Independent TV studios, which are unattached to major media companies and lacking the distribution pipes of linear TV and/or SVOD services, have been considered “arms dealers” for some time.
Independent studios producing TV out of the U.S. include BBC Studios, ITV, ITV America, Lionsgate Television, MGM Television, Sesame Workshop, Sony Pictures Television and the Jim Henson Company.
In the narrative of a “war” between streaming services such as Netflix, Amazon Prime Video and Apple TV+ and traditional media companies including ViacomCBS, NBCUniversal and Disney, arms dealers were fueling both sides, supplying content to the highest bidder.
But that narrative is getting messier now that most traditional media companies have launched their own streaming platforms and are providing content from their own studios.
When analyzing Variety Insight data for productions scheduled to air in 2020, an interesting trend emerges. The big five traditional media companies are more likely to sell to a rival streaming platform than to a rival TV one (such as Paramount Television selling “13 Reasons Why” to Netflix instead of, for example, Disney-owned Freeform). This is the inverse of independent studios, which in 2020 have more deals with TV networks than streaming services.
This is the continuation of a questionable business model that began in the early 2010s with networks licensing out the streaming rights for their content to Netflix, which the networks could have kept to grow their own VOD businesses. The short-term increase in revenue they received came at the expense of a dire long-term consequence: turning Netflix into their largest competitor, which prompted their subsequent streaming migration. Yet the studios keep selling to rival services.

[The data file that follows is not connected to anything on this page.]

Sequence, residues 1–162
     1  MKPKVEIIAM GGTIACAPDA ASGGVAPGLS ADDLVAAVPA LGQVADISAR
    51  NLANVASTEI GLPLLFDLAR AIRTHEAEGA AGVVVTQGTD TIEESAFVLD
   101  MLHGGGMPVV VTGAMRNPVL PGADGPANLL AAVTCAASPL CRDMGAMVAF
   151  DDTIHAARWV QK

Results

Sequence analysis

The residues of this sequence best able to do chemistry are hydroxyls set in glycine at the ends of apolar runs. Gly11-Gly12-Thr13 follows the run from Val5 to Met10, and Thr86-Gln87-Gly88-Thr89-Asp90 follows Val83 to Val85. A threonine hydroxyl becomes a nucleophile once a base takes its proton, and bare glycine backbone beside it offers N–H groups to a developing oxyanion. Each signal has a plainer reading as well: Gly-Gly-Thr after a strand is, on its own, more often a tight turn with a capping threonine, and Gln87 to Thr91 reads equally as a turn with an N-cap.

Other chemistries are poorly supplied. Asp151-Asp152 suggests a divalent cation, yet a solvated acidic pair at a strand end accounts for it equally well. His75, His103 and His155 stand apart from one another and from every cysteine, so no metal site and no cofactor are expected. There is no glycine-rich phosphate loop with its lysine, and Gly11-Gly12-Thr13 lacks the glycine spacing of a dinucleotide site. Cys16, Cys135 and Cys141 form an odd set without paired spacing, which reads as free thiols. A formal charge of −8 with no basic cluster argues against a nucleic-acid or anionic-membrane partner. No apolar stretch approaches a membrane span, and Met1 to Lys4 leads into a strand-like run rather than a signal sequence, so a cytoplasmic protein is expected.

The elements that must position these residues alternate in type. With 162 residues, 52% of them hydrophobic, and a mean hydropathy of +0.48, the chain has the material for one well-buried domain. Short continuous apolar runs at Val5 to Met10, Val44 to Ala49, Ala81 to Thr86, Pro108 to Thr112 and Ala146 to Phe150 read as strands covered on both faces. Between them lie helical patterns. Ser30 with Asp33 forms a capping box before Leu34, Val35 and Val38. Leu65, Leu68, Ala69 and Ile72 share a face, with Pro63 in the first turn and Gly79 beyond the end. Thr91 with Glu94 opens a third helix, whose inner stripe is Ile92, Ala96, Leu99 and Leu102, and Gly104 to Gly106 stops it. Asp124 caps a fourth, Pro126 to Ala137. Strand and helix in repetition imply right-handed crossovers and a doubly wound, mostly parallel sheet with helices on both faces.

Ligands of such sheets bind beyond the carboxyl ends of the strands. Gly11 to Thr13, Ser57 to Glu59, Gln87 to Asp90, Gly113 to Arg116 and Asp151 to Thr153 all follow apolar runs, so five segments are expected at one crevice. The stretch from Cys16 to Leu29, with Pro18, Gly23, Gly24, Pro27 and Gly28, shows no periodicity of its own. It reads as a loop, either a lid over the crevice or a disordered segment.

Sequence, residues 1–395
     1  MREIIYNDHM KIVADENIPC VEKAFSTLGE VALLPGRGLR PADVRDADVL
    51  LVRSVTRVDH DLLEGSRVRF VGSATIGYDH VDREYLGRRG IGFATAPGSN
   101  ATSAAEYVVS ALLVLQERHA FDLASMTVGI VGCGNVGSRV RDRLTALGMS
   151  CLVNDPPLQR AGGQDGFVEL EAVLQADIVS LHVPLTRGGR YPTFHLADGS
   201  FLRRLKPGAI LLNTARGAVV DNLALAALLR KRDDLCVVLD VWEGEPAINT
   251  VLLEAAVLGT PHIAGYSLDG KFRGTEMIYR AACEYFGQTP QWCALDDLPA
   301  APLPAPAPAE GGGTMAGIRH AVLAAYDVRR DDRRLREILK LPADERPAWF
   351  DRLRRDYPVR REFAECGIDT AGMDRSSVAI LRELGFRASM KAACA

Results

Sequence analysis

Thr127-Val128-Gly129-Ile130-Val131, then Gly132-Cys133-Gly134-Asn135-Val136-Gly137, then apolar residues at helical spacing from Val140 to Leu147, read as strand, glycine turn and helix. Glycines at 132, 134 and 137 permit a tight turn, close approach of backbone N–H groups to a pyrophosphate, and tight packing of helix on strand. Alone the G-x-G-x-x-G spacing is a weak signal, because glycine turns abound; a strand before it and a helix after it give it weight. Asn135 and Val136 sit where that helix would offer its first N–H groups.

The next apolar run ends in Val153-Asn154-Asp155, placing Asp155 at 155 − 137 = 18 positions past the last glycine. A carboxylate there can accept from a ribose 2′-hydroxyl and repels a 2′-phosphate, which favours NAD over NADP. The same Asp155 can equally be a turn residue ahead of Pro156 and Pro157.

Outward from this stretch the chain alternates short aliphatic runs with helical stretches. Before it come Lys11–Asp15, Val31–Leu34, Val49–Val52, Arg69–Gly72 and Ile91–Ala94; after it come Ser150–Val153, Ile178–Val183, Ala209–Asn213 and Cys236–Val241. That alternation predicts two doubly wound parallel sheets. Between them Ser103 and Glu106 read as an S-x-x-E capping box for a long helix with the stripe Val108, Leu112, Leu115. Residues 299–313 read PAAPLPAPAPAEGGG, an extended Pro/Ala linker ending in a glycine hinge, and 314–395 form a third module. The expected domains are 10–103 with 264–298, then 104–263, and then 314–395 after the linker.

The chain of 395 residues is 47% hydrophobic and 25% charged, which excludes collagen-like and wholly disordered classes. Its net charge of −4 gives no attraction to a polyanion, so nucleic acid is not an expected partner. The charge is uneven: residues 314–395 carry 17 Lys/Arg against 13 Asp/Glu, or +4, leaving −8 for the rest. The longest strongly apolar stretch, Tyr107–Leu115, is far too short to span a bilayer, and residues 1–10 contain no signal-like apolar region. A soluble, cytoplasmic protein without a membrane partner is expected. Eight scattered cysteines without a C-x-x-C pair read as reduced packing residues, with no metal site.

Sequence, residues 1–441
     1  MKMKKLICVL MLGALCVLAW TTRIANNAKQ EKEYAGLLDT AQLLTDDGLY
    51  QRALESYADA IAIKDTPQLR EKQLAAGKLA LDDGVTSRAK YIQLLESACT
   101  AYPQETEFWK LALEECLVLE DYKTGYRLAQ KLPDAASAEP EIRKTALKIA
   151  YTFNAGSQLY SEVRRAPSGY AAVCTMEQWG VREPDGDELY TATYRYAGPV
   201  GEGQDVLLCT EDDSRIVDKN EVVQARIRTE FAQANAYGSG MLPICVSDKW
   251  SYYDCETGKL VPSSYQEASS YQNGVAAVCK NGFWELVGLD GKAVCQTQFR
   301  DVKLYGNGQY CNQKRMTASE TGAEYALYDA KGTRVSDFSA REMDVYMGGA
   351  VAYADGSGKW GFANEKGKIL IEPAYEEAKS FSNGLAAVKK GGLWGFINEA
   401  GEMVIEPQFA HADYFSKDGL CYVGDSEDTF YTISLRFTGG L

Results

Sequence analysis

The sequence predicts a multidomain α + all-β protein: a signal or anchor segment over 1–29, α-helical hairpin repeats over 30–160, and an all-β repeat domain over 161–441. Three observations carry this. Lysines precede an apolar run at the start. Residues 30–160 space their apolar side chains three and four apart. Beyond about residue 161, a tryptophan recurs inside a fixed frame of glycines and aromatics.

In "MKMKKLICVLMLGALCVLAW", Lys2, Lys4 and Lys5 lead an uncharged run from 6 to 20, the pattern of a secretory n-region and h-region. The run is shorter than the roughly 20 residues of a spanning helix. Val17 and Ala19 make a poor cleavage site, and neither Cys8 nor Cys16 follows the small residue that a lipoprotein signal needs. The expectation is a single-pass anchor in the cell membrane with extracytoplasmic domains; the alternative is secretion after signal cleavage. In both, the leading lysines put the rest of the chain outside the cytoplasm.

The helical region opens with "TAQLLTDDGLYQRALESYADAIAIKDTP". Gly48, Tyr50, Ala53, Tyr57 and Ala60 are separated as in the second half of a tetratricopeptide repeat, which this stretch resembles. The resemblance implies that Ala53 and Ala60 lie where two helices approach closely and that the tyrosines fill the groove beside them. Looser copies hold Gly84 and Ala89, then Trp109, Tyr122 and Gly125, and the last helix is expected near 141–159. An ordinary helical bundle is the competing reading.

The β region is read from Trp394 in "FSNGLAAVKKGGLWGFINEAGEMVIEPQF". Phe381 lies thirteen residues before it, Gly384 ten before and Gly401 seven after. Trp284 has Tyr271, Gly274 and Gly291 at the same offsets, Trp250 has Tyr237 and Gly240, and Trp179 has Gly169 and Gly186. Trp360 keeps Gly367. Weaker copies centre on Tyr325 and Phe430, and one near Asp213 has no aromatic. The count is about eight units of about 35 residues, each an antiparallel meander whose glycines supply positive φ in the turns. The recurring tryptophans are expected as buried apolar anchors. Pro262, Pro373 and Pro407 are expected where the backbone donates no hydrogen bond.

Another point to note is that in out-of-network TV sales, independent studios (41 titles sold) and traditional media (42 sold) have a very similar scale. This is due to most media companies keeping the majority of their shows produced for TV in house, unlike their streaming strategy, for which only Disney keeps more shows than it produces for rival platforms.
When it comes to producing for TV, the individual studios with the largest volume of content were led by studios that are part of big media conglomerates (ViacomCBS and NBCUniversal, respectively), with independent studio Sony Pictures Television coming in third.
Arms dealing isn’t restricted to TV series. The COVID-19 pandemic opened the door for a new “weapon” to be traded in movies slated for theatrical release, though not all studios have engaged in this new trade. It’s worth noting that, of the two studios trading in movies, Sony is one without an SVOD service to pass titles along to in house. In contrast, Paramount is part of ViacomCBS and could have passed its titles along to Showtime or CBS All Access in an effort to drum up new subscribers, instead of selling to Netflix and Amazon.
Tellingly, not one broadcast or cable network got involved, despite the fact that broadcast and major cable networks offer reach anywhere from 70 million to 90 million U.S. homes, a wider swath than Netflix in the U.S. Premiering the new Tom Hanks movie “Greyhound,” which Sony intended for theaters before selling to Apple TV+, on either cable or network TV over the July 4 weekend could have drawn big audiences and generated a ton of ad revenue, instead of it being released via streaming.
When formats with greater distribution than streaming opt not to get involved, it is a sign of how times have changed. The focus on streaming from traditional media will only intensify, with VIP expecting sales to rival services to continue growing for the next few years.